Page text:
Mustafa is the modern day version of a bazaar. The relationship of shop floor and back of house stockroom is turned on its head as everything is out on display. One wanders in a giant stockroom, wading through floor upon floor of mobile phones, shampoos, gold jewellery, suitcases, cleaning utensils before you chance upon the item you were looking for in the first place. Electronics that might cost hundreds or thousands of dollars are displayed in pretty much the same way as humble cotton buds; Mustafa’s aisles have become the great leveller. All this might sound like a nightmare to some, but to me it adds so much more charge to the hunting/gathering experience.
It is refreshingly brash, bright, bold and vulgar. Here I don’t expect to see art direction or visual merchandising – the good old pile them high and sell them cheap principle works brilliantly here. It is open 24 hours, 7 days a week. When I arrive jetlagged in Singapore, I head for Mustafa in the small hours where I know there will be many fellow insomniacs thronging the aisles in this vast emporium. I love the idea that it doesn’t shut, ever. There is no time for sprucing up for punters the next day; in the Mustafa universe there is no need to. On weekends the place is heaving, turning the mundane activity of shopping for socks or smalls an event. Harrods claims to sell everything – Mustafa can pretty much make the same claim, albeit at a slightly different price point. They boast a travel agency, currency exchange, cafe, visa services, supermarket etc, catering mainly to the denizens of Little India within which it is situated.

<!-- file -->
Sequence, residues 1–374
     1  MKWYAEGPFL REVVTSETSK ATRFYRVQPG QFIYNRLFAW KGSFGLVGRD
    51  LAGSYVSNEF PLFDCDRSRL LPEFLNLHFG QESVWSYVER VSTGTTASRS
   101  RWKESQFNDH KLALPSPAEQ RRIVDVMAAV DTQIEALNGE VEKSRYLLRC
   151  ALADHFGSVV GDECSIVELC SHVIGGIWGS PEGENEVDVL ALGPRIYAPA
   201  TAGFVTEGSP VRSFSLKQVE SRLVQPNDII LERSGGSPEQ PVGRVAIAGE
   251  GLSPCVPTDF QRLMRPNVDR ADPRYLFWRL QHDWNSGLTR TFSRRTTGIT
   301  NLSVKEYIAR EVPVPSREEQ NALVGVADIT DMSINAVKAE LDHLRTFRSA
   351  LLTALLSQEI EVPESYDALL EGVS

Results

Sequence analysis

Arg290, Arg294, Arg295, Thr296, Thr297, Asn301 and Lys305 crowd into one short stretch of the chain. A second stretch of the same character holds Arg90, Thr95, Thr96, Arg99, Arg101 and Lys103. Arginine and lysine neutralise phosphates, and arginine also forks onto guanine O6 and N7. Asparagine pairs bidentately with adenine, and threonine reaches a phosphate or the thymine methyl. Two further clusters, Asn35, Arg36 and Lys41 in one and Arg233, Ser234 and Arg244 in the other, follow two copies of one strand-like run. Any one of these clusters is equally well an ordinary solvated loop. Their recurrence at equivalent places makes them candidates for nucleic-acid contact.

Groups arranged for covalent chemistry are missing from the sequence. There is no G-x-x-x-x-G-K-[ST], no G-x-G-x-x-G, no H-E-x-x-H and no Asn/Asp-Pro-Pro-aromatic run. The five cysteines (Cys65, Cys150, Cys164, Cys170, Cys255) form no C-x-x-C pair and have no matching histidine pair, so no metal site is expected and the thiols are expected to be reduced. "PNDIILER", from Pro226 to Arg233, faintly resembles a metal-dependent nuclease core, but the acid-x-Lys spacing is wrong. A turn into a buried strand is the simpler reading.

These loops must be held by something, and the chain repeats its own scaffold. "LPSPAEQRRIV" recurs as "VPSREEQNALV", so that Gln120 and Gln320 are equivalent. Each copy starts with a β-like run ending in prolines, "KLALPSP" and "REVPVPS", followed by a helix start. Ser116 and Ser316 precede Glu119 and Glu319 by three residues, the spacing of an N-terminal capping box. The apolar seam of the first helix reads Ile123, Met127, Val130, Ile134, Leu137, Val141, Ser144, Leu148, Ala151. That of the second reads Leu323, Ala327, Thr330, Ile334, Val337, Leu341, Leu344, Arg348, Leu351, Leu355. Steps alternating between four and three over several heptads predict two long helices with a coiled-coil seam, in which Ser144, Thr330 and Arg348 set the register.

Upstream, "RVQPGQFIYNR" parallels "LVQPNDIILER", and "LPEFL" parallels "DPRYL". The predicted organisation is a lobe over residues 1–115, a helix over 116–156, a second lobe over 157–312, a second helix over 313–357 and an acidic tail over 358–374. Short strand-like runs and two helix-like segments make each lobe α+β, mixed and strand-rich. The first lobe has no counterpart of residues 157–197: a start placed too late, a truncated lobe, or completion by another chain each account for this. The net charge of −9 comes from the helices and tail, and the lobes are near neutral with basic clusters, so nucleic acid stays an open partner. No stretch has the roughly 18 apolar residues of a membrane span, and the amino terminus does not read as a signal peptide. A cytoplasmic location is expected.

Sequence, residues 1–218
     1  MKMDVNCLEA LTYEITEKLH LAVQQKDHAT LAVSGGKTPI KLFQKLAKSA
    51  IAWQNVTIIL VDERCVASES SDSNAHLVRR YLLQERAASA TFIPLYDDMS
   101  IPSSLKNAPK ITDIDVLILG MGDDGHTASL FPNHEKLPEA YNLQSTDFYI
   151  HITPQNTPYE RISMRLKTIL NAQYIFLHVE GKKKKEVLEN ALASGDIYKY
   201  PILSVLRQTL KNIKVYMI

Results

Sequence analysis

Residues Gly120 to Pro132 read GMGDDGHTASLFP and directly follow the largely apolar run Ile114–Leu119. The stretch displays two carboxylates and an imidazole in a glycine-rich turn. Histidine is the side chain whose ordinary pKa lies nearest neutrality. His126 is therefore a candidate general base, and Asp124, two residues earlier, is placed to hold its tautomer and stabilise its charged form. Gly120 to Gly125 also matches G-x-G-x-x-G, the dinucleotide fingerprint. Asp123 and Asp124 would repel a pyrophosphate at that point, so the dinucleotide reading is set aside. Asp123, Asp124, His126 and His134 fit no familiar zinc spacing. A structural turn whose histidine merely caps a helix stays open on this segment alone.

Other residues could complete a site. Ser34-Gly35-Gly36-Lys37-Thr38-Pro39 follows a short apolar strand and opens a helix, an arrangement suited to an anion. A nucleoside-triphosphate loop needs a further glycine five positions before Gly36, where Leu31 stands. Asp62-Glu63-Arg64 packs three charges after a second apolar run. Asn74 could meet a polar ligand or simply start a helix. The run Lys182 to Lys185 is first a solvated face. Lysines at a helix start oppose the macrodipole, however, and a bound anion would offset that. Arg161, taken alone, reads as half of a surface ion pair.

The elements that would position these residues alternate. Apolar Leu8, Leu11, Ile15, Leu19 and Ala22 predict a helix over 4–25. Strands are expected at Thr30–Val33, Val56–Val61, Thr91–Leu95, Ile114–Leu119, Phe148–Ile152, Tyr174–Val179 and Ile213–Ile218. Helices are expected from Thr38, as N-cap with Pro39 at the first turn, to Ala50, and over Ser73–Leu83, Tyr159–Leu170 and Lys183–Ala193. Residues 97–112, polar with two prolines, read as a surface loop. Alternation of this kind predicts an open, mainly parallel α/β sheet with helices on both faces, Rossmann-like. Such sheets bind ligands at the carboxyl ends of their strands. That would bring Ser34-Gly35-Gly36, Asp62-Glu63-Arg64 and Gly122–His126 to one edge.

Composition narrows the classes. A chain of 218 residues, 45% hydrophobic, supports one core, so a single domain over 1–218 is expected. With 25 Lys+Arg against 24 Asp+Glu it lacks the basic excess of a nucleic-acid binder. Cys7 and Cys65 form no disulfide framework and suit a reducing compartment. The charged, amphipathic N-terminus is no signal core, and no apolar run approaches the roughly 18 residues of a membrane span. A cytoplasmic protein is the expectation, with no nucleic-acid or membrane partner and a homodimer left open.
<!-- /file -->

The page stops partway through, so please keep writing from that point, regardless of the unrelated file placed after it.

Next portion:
Lately it has grown in size from a large emporium to a behemoth, taking over entire city blocks linked by skybridges. It is possible to enter the store from one street and emerge disoriented, several streets away. It is the unplanned, unplucked and unruly sister to the slick underground shopping tunnels that link much of Orchard Road. I like how the changes in urban texture can take place without the micromanagement of urban planning. By linking several streets and city blocks Mustafa has inadvertently become a cut-through, a thoroughfare and an urban lobby.
My home city of Singapore has grown up in the years I’ve been away. It has become more cosmopolitan, knowing and worldly. But I’d like to think that I only have to scratch the surface to find the old louche Singapore that I grew up in. In ever changing Singapore, I’m glad Mustafa is around as I know that some things don’t change.